Through 64 games and just shy of 250 plate appearances, he owns an .836 OPS and is batting .335. He’s never going to be a power hitter, and if he ever puts 10 balls out of the park in a single season any team would be ecstatic. What he can be though, is an ideal leadoff hitter with great average skills and elite on-base production thanks to plate discipline that’s otherworldly. He handles the bat to the point that Tony Gwynn would be proud of, and his approach at the plate in unwavering.
It is for those reasons that he’s played himself into the starting second basemen role when Opening Day comes knocking. Nick Gordon hasn’t yet made his major league debut, and as his chief competition, it isn’t surprising to suggest that Arraez would have a leg up. From a second base perspective alone, it’s worth wondering if that spot isn’t more circumstantial than anything else for Arraez.
Eventually the hope would be that Royce Lewis would make his MLB debut and take over as Minnesota’s starting shortstop. Jorge Polanco is not long for that position, even though he’s made strides this year. The arm is still questionable there, and Polanco has gone through bouts of inconsistency as he works through his throwing process. Signed to a long-term extension, Polanco isn’t like to move out of the organization any time soon, and an up-the-middle-tandem seems to be destined for Lewis and Polanco.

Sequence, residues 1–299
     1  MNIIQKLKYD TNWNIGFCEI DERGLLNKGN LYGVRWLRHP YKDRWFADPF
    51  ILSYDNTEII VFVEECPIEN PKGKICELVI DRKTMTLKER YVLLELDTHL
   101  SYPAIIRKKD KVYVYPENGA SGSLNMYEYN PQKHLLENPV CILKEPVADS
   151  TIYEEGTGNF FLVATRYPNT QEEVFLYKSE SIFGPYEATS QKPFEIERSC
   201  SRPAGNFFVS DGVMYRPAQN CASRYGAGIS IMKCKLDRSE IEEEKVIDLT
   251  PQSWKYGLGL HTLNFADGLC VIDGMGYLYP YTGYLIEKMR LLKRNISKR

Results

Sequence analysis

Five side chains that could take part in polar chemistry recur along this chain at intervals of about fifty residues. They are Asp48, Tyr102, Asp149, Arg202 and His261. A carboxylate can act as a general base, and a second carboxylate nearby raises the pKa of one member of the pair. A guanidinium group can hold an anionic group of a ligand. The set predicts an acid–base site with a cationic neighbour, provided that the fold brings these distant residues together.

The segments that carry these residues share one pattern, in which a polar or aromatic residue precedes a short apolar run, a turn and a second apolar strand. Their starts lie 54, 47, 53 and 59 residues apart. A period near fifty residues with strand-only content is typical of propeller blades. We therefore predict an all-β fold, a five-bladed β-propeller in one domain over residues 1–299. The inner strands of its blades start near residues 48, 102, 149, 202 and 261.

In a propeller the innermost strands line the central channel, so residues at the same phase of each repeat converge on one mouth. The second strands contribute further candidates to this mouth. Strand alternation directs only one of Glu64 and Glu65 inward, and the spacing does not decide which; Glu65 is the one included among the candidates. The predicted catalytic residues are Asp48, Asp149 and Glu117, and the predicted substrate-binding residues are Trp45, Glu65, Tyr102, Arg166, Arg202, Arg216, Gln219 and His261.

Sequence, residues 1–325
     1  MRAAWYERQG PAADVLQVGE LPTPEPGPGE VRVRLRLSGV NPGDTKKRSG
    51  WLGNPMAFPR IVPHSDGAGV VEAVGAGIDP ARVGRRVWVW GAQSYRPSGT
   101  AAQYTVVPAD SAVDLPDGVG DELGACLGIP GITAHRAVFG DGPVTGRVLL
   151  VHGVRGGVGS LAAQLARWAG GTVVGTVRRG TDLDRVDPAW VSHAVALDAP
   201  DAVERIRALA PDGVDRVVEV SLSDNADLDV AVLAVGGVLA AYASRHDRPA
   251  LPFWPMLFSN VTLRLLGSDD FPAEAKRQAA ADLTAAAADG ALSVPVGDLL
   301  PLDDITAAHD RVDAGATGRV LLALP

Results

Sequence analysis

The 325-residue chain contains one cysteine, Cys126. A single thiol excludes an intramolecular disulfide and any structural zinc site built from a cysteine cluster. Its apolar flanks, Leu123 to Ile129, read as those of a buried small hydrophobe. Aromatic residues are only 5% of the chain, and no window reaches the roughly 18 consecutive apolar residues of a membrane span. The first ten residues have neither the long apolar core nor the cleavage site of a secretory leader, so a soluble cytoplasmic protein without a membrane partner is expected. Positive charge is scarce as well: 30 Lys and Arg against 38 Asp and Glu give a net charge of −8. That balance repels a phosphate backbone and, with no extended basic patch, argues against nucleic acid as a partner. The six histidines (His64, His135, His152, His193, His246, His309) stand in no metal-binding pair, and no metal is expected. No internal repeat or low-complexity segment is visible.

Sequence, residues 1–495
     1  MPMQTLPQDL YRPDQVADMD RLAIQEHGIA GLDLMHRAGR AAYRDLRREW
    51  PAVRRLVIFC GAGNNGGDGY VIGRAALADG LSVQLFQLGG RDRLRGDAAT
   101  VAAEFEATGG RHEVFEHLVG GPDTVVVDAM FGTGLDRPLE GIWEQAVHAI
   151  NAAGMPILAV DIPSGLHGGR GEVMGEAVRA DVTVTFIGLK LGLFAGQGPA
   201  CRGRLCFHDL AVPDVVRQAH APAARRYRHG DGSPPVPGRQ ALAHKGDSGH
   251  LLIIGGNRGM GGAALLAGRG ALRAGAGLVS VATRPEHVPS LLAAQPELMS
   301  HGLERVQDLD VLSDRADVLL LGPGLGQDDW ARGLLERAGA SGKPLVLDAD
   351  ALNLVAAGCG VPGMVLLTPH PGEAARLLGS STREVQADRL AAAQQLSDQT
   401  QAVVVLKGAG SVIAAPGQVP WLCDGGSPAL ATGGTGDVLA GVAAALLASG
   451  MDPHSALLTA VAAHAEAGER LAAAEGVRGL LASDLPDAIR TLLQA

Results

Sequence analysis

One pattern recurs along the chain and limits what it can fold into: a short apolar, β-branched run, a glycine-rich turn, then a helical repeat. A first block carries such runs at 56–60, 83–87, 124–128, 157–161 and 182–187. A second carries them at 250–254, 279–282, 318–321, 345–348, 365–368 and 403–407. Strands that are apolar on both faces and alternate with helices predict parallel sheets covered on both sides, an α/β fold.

There also has always been the idea that Miguel Sano is not long for third base. Although he’s hung around the average-to-slightly-below mark this season, a body that big seems to profile more on the other corner. Thad Levine recently suggested that Minnesota doesn’t see Sano as an ideal fit at 1B presently, and they see third as an easier avenue to keeping him engaged in the action. As necessity pushes him from the spot though, they may need to re-evaluate their plans.
So, assuming Polanco slides over at short is filled, Arraez could find himself at the hot corner. This is all assuming the hit tool continues to play, but the position makes some sense. He’s almost always been a second basemen on the farm, and his time there has tripled the third action with the Twins. In 282 innings at second however, he owns a -6 DRS and -1.7 UZR. The 100-inning sample at 3B is incredible small, but he’s been worth 0 DRS and a -0.5 UZR. Minnesota will get plenty more data to evaluate prior to decision making time, but it’s a narrative to monitor.
If everything develops on an expected and linear track (which is to essentially say this won’t happen at all), then Lewis and Polanco man the middle for Minnesota by late 2020. At that point Sano could then move to 1B or DH (after Nelson Cruz is gone) and Arraez slides into the hot corner. Maybe Luis won’t continue to hit (seems unlikely) or maybe he’ll be dealt (not sure that’s probable), but second base doesn’t seem like the guaranteed long-term fit for the Venezuelan and I’m not sure there’s anything wrong with that.